|The California Supreme Court on Thursday upheld the 1990 death sentence of a Peninsula serial killer, despite the fact his deteriorating mental condition on death row might prevent the state from ever executing him.
In a unanimous, 104-page ruling, the Supreme Court affirmed Jon Scott Dunkle's death sentence for murdering two Belmont boys in the early 1980s. Dunkle, who also was convicted for killing a third young boy from Sacramento, was branded a serial killer by police who hunted him for five years before connecting him to the slayings.
The Supreme Court three years ago took the unprecedented step of appointing Dunkle's lawyers as his legal guardians because he could no longer assist in his appeals and they needed legal authority to continue to pursue legal options on his behalf. A trial judge and prison psychiatrists have concluded Dunkle, now 45, is mentally ill.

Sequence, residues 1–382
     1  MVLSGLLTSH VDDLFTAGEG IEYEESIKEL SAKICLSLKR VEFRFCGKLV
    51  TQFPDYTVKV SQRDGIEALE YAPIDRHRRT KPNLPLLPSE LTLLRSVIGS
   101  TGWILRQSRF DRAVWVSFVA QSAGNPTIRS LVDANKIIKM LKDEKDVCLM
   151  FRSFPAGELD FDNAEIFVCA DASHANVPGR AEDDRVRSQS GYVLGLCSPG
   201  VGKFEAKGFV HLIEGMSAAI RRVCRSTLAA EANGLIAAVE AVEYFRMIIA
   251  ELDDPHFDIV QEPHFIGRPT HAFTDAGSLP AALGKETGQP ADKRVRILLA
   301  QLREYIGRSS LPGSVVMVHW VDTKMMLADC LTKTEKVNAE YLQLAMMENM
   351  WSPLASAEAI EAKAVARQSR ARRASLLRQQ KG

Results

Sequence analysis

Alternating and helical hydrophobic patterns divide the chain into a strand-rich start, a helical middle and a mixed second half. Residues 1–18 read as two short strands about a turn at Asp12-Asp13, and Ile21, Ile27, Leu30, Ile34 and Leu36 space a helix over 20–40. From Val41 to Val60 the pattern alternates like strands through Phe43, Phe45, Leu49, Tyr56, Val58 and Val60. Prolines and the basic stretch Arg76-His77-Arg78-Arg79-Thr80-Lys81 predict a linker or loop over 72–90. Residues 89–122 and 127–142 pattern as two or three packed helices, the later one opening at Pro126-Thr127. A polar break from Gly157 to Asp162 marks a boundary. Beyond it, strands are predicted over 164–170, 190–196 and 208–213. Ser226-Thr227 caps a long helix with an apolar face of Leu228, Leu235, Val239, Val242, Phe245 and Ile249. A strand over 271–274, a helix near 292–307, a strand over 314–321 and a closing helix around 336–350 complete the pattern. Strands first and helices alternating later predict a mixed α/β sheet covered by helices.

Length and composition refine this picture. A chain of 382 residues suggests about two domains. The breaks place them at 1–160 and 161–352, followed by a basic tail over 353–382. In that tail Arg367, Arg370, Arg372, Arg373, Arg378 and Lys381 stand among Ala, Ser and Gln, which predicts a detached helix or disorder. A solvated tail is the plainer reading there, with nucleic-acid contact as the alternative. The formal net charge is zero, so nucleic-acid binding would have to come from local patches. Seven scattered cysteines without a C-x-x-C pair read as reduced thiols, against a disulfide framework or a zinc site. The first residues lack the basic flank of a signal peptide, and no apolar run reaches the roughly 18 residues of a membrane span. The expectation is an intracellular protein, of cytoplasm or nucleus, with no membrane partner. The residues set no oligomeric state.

The state cannot execute someone who is mentally incompetent, but Dunkle's appeals are moving forward nonetheless. In Thursday's ruling, the Supreme Court dealt solely with whether Dunkle's rights were violated at the 1990 trial in which a San Mateo County jury concluded he deserved to die.
The justices rejected all of Dunkle's legal challenges, including the argument that he should never have been found mentally competent to stand trial in the first place. The Supreme Court said there was sufficient expert evidence presented at the time to suggest Dunkle could understand the proceedings.
Dunkle's sanity has been an issue since he was arrested in 1986 for the Peninsula murders of 15-year-old John Davies and 12-year-old Lance Turner. Dunkle eventually confessed to killing Davies in 1981, Turner in 1984 and a 12-year-old boy in Sacramento in 1985.
Thursday's ruling is only the first stage in Dunkle's long appellate process, which is likely to take another decade or more in the state and federal courts.